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How Good are Dietary Supplements?

by Savitha C Muppala on April 23, 2011 at 5:42 PM
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 How Good are Dietary Supplements?

A recent study has found out the efficacy of dietary supplements, and if they are as good as they claim to be.

Well, according to a study published in an upcoming issue of Psychological Science, a journal of the Association for Psychological Science, there seems to be an interesting asymmetrical relationship between the frequency of dietary supplement use and the health status of individuals. Wen-Bin Chiou of National Sun Yat-Sen University decided to test if frequent use of dietary supplements had ironic consequences for subsequent health-related behaviors after observing a colleague chose an unhealthy meal over an organic meal simply because the colleague had taken a multivitamin earlier in the day.

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"After reviewing the literature of the prevalence of dietary supplement use, it seemed to show that use of dietary supplements is increasing, but it does not appear to be correlated with improved public health," says Chiou who conducted the study along with Chao-Chin Yang of National Kaohsiung University of Hospitality and Tourism and Chin-Sheng Wan of Southern Taiwan University.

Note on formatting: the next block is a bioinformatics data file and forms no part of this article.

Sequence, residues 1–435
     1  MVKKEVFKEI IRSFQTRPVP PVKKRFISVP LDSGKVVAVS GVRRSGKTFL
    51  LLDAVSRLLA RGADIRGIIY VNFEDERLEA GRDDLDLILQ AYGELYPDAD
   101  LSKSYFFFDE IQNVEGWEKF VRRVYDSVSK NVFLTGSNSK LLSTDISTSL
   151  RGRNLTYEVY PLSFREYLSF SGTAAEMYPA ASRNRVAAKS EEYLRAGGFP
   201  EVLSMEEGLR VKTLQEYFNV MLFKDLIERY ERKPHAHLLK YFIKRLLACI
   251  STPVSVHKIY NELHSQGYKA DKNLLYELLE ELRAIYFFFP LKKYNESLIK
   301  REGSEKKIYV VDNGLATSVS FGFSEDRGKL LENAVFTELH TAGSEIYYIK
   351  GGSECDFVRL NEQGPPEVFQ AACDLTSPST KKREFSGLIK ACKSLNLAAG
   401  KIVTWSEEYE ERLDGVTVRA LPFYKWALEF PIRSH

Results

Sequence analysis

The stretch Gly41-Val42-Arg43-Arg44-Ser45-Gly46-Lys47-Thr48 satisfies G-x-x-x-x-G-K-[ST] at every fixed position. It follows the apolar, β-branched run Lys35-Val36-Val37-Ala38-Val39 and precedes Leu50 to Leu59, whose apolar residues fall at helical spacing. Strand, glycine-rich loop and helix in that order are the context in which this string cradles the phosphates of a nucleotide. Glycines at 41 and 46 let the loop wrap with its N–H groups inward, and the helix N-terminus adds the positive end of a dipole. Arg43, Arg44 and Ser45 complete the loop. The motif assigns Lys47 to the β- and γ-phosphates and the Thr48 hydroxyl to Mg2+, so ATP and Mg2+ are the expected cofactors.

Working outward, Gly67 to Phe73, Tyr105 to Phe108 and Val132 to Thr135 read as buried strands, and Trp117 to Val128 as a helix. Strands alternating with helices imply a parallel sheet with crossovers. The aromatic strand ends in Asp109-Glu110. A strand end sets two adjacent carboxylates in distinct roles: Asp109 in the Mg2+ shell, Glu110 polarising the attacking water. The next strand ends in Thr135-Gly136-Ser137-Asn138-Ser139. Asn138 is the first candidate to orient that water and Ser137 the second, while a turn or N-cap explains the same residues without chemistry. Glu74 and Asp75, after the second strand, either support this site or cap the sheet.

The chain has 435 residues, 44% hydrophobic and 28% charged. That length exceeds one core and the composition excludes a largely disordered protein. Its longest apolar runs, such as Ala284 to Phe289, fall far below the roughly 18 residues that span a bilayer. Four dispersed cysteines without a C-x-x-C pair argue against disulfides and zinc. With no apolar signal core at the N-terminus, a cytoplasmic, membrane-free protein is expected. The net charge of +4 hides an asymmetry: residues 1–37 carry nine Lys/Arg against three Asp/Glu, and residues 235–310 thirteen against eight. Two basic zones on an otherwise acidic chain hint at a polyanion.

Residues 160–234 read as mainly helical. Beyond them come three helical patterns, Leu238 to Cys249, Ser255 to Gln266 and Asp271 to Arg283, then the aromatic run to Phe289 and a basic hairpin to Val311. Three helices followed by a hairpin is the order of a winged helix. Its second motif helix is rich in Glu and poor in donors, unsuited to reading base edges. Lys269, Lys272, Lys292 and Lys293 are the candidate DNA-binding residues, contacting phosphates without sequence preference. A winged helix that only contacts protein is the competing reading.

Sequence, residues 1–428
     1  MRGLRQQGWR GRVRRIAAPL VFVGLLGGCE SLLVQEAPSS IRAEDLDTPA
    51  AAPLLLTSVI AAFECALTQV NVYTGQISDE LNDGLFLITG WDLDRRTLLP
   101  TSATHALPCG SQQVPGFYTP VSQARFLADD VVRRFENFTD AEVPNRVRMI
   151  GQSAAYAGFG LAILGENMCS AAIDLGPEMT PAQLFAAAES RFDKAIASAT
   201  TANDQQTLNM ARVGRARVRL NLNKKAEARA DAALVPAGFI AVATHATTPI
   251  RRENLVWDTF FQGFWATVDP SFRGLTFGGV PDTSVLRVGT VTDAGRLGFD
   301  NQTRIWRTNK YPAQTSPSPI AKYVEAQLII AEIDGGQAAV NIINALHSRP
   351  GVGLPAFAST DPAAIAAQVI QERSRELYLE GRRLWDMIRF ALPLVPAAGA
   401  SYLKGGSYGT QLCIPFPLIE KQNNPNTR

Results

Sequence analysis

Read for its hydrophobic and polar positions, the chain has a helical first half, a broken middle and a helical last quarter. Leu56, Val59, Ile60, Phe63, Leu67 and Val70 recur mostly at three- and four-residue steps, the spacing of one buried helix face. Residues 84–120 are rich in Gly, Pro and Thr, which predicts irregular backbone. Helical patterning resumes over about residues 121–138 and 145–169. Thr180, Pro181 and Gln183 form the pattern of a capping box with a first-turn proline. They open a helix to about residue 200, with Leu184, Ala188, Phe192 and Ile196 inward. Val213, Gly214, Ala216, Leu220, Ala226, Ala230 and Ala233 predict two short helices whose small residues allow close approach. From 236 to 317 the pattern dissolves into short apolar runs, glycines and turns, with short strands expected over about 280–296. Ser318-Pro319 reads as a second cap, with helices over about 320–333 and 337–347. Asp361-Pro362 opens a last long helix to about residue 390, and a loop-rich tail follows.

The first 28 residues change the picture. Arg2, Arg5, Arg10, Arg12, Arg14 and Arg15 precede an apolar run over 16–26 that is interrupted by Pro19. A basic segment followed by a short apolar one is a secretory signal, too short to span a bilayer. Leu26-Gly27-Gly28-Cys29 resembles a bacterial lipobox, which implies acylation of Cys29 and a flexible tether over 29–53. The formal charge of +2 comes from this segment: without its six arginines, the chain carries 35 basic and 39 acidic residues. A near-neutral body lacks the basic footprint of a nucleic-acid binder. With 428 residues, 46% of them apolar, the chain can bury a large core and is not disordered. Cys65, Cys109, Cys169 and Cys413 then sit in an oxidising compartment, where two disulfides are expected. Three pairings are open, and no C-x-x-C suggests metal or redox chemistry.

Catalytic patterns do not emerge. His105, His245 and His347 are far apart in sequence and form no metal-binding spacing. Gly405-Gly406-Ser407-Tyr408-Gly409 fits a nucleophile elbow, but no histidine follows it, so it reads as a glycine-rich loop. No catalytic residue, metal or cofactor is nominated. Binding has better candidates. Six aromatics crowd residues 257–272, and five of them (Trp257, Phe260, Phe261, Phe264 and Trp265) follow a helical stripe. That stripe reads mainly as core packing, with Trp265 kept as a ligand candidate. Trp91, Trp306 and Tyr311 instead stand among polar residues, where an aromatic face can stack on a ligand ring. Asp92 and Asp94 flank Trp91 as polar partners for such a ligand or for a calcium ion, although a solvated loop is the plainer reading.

Two different experiments were conducted using a diverse set of behavioral measures to determine whether the use of dietary supplements would license subsequent health-related behaviors. Participants in Group A were instructed to take a multivitamin and participants in the control group were assigned to take a placebo. However, all the participants actually took placebo pills. The results from the experiments and survey demonstrated that participants who believed they had taken dietary supplements felt invulnerable to health hazards, thus leading them to engage in health-risk behaviors. Specifically, participants in the perceived supplement use group expressed less desire to engage in exercise and more desire to engage in hedonic activities, preferred a buffet over an organic meal (Experiment 1), and walked less to benefit their health (Experiment 2) than the control group.
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What does this all mean? Per the results of the study, Chiou says, "People who rely on dietary supplement use for health protection may pay a hidden price, the curse of licensed self-indulgence. After taking dietary supplements in the morning, individuals should diligently monitor whether illusory invulnerability is activated by restored health credentials and subsequently licenses health-risk behaviors." To put it simply, people who take dietary supplements may have the misconception that they are invulnerable to health problems and may make poor decisions when it comes to their health - such as choosing fast food over a healthy and organic meal.



Source: Eurekalert
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